*GOP Women to Meet – The Professional Republican Women of Caddo will hold its montly meeting on Tuesday, November 19, at Savoie’s Catering Place, 2411 E. 70th Street.
Meet and Greet begins at 5:30 p.m. and the program gets underway at 6 p.m.
Guest speaker will be a representative from Blue Cross of Louisiana in Baton Rouge. The subject will be a discussion of the Affordable Care Act.
For more information, call 318-797-0802 or e-mail firstname.lastname@example.org.
*Absentee Governor – An Associated Press report reveals what many Louisiana residents already knew – Republican Gov. Bobby Jindal spends a lot of time outside the state.
Jindal, a possible presidential candidate in 2016 and also the chairman of the Republican Governor’s Association, left the borders of Louisiana 69 times so far this year.
Put another way, the governor has been out-of-state 1 out of every 5 days of so far this year.
Jindal is undeterred. He said in an interview, “I do think it’s possible to chew gum and walk at the same time.” He noted that with today’s technology, he is in constant touch with staff when he is traveling.
Shreveport City Marshal Charlie Caldwell will seek a second six-year term in 2014, but the road to another term will not be an easy one.
He was appointed city marshal in May 2008 after Marshal Jimmy Dove, who held the office for more than a decade, resigned.
In October of that year, Caldwell was elected to a full term, defeating former Shreveport police officer and acting Police Chief Mike VanSant, 53-47%.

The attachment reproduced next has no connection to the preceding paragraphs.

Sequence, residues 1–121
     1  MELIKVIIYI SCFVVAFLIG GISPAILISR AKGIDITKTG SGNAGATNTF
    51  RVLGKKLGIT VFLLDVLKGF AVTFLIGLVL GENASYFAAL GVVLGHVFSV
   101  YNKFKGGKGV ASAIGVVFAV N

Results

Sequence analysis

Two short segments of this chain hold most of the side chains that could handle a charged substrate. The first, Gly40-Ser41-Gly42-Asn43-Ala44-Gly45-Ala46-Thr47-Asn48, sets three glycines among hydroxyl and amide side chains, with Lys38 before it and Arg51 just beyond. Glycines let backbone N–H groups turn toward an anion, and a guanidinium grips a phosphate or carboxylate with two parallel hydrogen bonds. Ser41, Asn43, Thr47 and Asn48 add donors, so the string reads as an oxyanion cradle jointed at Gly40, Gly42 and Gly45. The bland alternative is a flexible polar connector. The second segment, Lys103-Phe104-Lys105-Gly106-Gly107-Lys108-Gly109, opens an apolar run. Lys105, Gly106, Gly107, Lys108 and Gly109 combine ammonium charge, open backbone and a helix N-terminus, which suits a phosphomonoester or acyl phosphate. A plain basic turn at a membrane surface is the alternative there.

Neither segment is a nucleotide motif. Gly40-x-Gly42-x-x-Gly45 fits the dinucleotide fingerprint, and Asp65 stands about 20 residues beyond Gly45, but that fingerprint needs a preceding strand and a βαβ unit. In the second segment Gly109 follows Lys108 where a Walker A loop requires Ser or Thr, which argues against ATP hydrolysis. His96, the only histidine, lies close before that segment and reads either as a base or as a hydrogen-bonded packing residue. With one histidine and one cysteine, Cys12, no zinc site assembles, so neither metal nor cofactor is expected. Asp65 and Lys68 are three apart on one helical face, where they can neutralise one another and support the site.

City marshals are responsible for courthouse security. They also serve warrants, handle garnishments, evictions and court orders. Deputy marshals do have the legal authority to write tickets and respond to emergency calls.
Two opponents have already announced that they will challenge Caldwell in the 2014 election. They are Don “D.D.” Otis, a retired Shreveport Police Department lieutenant, and Joey Hester, a former Shreveport police officer, who worked in the city marshal’s office, but was terminated by Caldwell.
Caldwell and Otis are African-Americans; Hester is white. Registered voters in the entire city of Shreveport will vote in this election.
Caldwell’s term has been a tumultuous one, nd the veteran law enforcement officer has himself had run-ins with the law. For example, he was stopped by state police on I-20 for doing 111 miles per hour in a 60-mile-per hour zone.
The race is expected to be a contentious one. It is expected that Caldwell’s critics – and opponents — will bring up questionable activities of the incumbent while in office.
KTBS anchor Gerry May recently aired an investigative report which said that Caldwell has used his deputies in an attempt to control employees and outside authorities. Those who objected to his methods were fired.
There have been allegations of financial mismanagement of the city marshal’s office, and Caldwell has been reluctant to release outside audits of his office to the public.
In addition, Caldwell has come under criticism for working security at a downtown night club, and there have been allegations he used a heavy hand in dealing with patrons.
Caldwell insists that he has done nothing wrong and that he has run the city marshal’s office honestly and fairly. The voters, of course, will be the final judge.
An Aside: It was rumored that VanSant was thinking of making another run at Caldwell.
Lou Gehrig Burnett is a seasoned veteran of national and local politics. He publishes Fax-Net Update, a weekly political newsletter.